interprets as it wants. And does whatever it wants with it to make
security decisions.

> I have a hard time working with ``security'' code in the kernel as
> almost invariably it is some of the worst code in the core kernel.
> There are likely a lot of reasons for that but one reason that stands
> out to me is the LSM interface seems to relegate the ``security'' code
> to second class status.
> We have merged the security modules now and we no longer support
> loadable modules so I think some of the original design assumptions can
> be reexamined. 

This is new to me and recently I have heard quite the opposite in regard
to the newly introduced LSM stacking code. I'm not aware that
out-of-tree modules should not be supported.

People do have and use out-of-tree LSM modules. Not having an opaque
pointer blocks them from using those LSM hooks.

And recent stacking changes try to make this infrastructure even more
generic, by proving stacked security pointers (hooks should already be
stacked in 4.2 afaik):


>  If we will change anything upon reexamination I don't
> know and I am not looking for any great whole sale change.  But I do
> intend to look at LSM related changes to the code I maintain under the
> same spot light and under the same criteria as I look at any other
> changes.
> i.e. I can't ignore what the LSMs do during code maintenance so I won't
> ignore what the LSMs do or want to do when adding LSM hooks.
> >> I am also concerned that several of the operations assume that setns
> >> and the like are normally privileged operations and so require the
> >> ability to perform other privileged operations.  Given that in the right
> >> circumstances setns is not privileged that seems like a semantics
> >> mismatch.
> >
> > Sorry, I don't exactly know what you mean. setns remains unprivileged
> > operation here. The only limit is to refuse setns when adding a process
> > to a container would break Smack namespace rules. In theory this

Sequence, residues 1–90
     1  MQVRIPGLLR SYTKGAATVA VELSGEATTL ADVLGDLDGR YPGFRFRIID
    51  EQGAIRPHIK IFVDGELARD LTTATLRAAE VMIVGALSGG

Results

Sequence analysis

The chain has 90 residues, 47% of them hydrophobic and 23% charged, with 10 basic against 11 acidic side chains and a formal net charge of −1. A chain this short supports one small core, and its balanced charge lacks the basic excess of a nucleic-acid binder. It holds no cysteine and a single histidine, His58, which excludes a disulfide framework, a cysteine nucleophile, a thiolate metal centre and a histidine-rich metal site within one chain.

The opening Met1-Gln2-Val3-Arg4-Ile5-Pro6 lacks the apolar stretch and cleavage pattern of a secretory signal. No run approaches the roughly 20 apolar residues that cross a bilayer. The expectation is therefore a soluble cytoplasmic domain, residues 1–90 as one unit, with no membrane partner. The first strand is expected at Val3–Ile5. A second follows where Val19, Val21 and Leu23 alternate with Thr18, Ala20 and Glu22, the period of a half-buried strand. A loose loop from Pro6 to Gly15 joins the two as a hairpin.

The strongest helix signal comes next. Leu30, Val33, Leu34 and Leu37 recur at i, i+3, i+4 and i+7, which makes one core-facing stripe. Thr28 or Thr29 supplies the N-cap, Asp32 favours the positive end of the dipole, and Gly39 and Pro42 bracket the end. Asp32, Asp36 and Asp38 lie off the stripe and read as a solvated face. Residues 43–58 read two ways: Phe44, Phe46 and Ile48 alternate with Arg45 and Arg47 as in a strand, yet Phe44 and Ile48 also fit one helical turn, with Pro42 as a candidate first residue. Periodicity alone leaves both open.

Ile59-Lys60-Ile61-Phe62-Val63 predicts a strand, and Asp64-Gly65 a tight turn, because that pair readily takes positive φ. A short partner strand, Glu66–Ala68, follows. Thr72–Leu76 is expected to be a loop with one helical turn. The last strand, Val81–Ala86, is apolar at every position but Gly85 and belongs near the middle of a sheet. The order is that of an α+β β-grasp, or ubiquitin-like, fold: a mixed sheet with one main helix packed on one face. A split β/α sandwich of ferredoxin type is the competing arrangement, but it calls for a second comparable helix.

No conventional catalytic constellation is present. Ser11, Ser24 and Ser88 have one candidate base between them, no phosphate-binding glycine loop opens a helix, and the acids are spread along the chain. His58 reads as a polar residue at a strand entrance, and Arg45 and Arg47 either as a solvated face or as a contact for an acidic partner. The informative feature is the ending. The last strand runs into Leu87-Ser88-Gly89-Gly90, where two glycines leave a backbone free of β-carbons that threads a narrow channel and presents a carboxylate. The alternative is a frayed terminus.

> > limitation could be removed (I think), because a process with an
> > unmapped label would not be able to do anything in the namespace. This
> > is mostly for convenience.
> The rule may make sense but because of it it sounds like in practice you
> may actually have to be root to enter a container.  

In this particular case UID is irrelevant. You'll either be allowed or
not. Depending on Smack rules.

If the check would be removed UID would still be irrelevant. You'd
always be allowed (as far as Smack is concerned of course) but depending
on Smack rules the process would be usable or not (not able to access
anything, even itself).

I think you can't try to compare apples and oranges. Smack security
model, or any MAC for that matter will not be analogous to DAC. Being
root can be completely irrelevant for an LSM module. And it's completely
its own decision.

If a hook is added for some syscall a module might have its arbitrary
rules for allowing it or not. I don't see anything awkward here. And
honestly I think that having a hook for setns where it might be
allowed/refused could be beneficial to other LSM modules.

The hook itself doesn't define any decision/model. A module does.

As a side note: I do realize that having security context in user
namespace makes it kinda more of a security namespace (DAC, MAC, CAPS,

Initially I made a whole separate namespace for LSM. You told me this
was a strange decision and I agree now.

This extends user namespace a little and I don't feel this is bad. Even
now user_ns is not a part of nsproxy, but cred. It's created first and
referenced from all the other namespaces. It doesn't only map UIDs. It
also gives capabilities a context. So in the same way it could hold MAC
security context for MAC related decisions that don't necessarily align
with DAC (that's what MAC is for after all).

Lukasz Pawelczyk
Samsung R&D Institute Poland
Samsung Electronics